Govexec.com reports that Representative Stephen Lynch (D-Massachusetts), chairman of the House Oversight and Government Reform Federal Workforce Subcommittee, said the bill’s movement is a “significant first step toward placing the federal government on par with the private sector, where health insurance, retirement, disability and other benefits are already widely available to domestic partners.”
At the recommendation of Office of Personnel Management officials, the subcommittee passed technical amendments ensuring that retirees are covered and clarifying the benefits included. The news report said the subcommittee approved language stating that the legislation covers all of the employment benefits made available to the spouses of heterosexual federal employees under Title V of the U.S. Code, the law governing federal pay and benefits.
Five subcommittee Democrats voted to send the Domestic Partnership Benefits and Obligations Act to the full committee, while three Republicans voted against it. The Republicans said they might be more receptive to the bill if it included heterosexual couples.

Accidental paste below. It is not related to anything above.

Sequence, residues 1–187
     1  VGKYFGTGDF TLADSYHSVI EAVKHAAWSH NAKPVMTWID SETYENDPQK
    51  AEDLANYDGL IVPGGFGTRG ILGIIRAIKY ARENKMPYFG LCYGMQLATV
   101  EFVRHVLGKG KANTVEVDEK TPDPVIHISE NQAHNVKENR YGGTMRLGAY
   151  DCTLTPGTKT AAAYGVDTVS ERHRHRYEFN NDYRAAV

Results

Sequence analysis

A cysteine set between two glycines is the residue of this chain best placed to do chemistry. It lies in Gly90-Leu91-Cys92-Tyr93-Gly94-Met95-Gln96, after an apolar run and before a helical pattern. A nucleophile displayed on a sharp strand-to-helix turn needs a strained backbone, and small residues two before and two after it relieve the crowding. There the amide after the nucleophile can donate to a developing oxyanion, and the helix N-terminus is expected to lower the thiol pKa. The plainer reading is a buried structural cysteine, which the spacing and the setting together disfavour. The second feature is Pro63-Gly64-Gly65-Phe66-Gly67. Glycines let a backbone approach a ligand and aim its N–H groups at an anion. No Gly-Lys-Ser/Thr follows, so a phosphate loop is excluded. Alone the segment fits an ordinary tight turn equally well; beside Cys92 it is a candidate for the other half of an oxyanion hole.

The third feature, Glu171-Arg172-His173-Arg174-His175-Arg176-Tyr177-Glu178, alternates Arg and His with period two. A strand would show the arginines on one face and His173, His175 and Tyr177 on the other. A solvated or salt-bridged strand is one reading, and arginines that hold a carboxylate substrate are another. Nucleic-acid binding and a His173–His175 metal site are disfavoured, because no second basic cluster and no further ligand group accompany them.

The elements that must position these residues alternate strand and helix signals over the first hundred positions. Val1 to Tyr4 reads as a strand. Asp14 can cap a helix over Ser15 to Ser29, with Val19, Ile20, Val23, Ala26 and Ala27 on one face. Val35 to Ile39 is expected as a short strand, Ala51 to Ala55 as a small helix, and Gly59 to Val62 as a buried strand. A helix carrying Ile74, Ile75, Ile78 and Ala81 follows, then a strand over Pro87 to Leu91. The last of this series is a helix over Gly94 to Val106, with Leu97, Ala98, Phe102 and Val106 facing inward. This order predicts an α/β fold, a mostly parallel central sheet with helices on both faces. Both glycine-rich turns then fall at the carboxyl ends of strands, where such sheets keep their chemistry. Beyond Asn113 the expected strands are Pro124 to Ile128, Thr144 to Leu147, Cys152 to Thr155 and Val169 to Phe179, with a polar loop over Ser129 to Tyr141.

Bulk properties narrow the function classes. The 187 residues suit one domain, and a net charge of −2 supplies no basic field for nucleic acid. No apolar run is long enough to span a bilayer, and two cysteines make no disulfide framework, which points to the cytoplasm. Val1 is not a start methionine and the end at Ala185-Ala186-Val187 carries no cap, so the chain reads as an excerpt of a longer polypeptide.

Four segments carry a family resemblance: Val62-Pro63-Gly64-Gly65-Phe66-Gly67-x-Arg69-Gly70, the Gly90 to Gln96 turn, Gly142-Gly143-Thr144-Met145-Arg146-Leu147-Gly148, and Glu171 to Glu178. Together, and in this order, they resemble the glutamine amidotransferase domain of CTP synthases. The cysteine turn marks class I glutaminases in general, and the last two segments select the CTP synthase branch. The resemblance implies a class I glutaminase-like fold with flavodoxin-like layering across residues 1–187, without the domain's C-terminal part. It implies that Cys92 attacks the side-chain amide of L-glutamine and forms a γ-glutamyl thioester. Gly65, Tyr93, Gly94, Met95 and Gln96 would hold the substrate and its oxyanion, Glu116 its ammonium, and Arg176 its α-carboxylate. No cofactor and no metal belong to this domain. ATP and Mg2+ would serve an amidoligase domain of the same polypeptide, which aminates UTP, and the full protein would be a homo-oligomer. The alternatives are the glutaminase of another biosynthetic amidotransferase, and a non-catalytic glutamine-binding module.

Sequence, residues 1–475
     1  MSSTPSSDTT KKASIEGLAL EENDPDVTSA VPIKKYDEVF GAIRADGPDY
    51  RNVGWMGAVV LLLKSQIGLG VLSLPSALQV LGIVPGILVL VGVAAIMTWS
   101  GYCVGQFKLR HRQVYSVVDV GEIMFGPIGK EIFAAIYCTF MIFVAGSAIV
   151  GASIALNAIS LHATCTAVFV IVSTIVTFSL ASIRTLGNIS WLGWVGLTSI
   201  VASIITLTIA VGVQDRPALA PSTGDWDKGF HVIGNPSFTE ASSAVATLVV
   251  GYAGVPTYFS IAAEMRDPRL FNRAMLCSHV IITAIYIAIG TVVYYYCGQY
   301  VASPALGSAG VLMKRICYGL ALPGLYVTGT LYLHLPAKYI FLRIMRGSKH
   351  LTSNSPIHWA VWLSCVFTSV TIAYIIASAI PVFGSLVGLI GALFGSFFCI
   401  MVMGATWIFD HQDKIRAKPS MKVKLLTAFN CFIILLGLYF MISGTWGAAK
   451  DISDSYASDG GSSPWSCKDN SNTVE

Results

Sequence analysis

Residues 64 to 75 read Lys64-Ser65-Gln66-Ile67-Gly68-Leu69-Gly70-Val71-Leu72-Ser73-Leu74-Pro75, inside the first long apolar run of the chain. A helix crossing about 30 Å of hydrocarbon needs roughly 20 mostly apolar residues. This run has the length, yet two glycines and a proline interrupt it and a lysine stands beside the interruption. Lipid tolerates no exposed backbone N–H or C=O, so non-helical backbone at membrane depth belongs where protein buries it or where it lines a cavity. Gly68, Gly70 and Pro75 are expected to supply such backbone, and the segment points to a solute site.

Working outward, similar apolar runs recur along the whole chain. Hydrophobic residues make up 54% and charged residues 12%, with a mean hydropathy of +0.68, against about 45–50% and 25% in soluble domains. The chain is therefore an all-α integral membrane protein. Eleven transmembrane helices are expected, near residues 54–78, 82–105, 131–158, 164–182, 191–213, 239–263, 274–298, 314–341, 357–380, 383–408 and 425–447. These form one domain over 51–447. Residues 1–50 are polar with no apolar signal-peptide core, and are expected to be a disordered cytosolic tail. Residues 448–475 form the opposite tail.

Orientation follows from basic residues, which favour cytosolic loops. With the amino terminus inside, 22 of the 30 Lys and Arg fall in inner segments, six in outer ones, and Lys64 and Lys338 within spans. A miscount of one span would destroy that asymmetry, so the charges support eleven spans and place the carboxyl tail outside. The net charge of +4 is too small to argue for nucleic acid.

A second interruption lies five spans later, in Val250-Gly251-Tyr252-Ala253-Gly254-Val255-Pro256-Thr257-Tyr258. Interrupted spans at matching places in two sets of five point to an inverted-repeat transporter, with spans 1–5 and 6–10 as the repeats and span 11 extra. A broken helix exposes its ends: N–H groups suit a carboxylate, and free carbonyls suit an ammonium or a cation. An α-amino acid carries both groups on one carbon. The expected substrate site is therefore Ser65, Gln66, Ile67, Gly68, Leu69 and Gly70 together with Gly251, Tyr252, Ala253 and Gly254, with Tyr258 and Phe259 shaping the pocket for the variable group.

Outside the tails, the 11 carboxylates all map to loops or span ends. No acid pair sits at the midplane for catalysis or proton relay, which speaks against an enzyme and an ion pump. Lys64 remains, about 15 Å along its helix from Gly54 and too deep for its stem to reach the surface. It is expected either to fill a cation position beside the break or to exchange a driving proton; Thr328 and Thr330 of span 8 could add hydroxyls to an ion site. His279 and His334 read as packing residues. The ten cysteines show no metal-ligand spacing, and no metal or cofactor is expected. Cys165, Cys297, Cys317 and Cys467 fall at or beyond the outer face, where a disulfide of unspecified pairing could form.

Representative Jason Chaffetz (R-Utah) said during an interview after the markup that he’d “like to express optimism” that such an amendment could be added to the Senate version of the bill, and that as the bill stands, it “attempts to create a new class for benefits” and he thinks “they’re trying to redefine marriage, under a different name,” according to Govexec.com.
In June, President Obama used an executive memorandum to extend long-term care benefits and family and parental leave to the same-sex partners of federal employees, but said he could not allow them access to other benefits — including enrollment in the Federal Employees Health Benefits Program — without legislative changes (see Obama Orders Some Benefits Extended to Federal Worker Same-sex Partners ).
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